What is it about?

We did a large survey of Air Force Academy cadets. Future pilots at the Air Force Academy reported themselves as less willing to report their concussions than other cadets, including athletes. The longer they were at the Academy, the less willing they became. Just the way athletes fear that a concussion will take them out of the game, future pilots fear that a concussion will derail their flying career.

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Why is it important?

There are two important takeaways from our study. One is that people besides athletes get concussions and we need to look at this issue more broadly. Two is that people make the decisions that will help them achieve their goals for the most part, so if there is misinformation about the likely outcomes from a decision like reporting a concussion we need to replace that with better more accurate information.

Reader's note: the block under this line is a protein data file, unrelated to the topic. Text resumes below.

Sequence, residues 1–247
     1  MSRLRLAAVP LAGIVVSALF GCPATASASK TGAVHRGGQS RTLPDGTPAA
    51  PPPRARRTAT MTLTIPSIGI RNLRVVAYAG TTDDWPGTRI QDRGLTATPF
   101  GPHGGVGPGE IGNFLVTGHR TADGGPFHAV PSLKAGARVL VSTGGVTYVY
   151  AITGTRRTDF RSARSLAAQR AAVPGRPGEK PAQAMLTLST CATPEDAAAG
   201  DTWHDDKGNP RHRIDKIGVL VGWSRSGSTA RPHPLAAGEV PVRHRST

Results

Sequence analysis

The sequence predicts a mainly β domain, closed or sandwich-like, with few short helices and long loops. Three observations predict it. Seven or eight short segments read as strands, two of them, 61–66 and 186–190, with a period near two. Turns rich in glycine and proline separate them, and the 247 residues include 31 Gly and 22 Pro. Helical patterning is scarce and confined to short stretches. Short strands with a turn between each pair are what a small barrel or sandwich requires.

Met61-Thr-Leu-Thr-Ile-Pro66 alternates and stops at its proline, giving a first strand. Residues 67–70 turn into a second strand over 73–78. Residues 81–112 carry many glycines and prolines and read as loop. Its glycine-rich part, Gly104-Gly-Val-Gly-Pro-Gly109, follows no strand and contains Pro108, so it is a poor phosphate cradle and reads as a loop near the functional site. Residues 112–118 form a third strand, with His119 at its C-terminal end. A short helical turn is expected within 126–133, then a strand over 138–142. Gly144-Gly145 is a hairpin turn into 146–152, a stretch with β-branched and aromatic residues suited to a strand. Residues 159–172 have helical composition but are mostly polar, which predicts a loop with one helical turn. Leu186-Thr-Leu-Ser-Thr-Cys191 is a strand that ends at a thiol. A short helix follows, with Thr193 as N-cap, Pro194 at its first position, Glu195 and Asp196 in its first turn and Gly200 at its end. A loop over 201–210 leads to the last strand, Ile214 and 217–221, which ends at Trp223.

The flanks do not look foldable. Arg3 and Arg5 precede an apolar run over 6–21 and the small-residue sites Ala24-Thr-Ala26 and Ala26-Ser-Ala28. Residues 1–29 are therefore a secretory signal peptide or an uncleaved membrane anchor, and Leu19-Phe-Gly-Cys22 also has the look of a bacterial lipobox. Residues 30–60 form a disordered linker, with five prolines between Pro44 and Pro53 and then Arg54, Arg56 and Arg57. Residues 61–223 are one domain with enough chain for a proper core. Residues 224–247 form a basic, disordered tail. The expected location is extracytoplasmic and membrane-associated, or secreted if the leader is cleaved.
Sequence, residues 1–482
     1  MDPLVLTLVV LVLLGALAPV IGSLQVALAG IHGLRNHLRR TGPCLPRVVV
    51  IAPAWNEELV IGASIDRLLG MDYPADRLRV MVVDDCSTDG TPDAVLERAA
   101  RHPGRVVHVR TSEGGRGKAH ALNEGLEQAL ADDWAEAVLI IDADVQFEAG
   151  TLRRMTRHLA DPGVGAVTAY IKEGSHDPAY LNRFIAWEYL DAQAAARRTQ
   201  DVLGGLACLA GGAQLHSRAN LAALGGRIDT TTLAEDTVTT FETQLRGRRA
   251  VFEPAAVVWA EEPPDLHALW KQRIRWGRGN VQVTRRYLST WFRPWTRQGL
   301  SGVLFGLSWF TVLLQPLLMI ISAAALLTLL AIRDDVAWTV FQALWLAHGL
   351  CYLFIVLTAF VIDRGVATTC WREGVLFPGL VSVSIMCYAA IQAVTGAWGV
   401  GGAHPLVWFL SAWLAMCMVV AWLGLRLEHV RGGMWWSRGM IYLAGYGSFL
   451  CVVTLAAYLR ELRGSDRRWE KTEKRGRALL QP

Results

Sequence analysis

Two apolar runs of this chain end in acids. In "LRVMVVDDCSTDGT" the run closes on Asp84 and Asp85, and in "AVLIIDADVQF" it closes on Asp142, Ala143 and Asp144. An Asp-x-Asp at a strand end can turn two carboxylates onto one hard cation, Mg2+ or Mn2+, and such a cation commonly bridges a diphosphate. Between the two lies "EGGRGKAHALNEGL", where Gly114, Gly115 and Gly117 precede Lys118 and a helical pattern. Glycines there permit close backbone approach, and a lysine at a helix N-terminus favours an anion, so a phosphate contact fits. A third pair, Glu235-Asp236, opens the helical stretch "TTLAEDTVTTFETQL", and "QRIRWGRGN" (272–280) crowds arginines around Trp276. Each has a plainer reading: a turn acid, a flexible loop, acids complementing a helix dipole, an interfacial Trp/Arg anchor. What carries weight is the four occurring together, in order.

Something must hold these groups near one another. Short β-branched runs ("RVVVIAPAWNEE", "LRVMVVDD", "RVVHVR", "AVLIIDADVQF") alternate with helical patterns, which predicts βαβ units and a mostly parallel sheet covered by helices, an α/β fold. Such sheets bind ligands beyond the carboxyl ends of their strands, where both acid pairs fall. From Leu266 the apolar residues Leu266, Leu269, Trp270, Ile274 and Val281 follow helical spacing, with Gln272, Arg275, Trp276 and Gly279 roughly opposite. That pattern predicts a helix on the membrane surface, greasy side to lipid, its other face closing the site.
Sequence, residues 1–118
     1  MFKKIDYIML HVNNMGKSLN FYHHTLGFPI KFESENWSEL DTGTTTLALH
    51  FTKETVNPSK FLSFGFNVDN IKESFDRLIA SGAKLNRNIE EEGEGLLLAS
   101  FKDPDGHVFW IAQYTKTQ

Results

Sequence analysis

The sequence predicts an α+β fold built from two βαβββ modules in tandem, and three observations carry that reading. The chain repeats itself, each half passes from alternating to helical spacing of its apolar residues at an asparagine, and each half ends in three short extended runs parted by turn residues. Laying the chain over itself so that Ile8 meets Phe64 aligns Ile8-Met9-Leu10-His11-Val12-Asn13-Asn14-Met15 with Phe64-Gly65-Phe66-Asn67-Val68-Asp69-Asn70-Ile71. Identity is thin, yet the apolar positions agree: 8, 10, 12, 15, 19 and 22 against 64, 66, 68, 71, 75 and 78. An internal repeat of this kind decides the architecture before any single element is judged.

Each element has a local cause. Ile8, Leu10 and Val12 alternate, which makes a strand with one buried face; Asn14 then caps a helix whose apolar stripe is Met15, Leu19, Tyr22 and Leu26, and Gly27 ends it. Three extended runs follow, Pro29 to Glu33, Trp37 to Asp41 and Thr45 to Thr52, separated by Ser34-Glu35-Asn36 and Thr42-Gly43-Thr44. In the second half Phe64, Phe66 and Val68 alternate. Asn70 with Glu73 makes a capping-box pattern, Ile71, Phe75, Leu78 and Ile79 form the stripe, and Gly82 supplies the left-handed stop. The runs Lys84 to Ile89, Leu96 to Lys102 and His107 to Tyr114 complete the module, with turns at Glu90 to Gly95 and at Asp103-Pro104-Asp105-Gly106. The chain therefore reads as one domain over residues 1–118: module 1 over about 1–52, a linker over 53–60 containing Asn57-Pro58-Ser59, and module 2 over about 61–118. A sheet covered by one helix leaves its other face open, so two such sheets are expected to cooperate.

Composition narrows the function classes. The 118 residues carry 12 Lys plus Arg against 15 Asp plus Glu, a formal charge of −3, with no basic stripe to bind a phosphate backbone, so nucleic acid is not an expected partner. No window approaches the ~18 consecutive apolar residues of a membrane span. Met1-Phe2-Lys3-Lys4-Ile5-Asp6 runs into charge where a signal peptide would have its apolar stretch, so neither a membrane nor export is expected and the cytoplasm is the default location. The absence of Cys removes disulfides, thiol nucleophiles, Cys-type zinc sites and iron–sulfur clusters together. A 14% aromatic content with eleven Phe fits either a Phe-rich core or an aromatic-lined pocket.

With concussion, so much of the outreach work used to be ‘fascinating facts about the brain,’ but that's not really what people need. The brain facts they need regarding concussion are: a concussion is a brain energy deficit injury and to recover your brain needs time to recharge. They should know that reporting their concussion gives their brain time to recover and build up its reserves of energy Which will help them recover more quickly and could reduce their likelihood to have other injuries, including future concussions.

Christopher D'Lauro
United States Air Force Academy

Read the Original

This page is a summary of: Pilots and athletes: Different concerns, similar concussion non-disclosure, PLoS ONE, May 2019, PLOS,
DOI: 10.1371/journal.pone.0215030.
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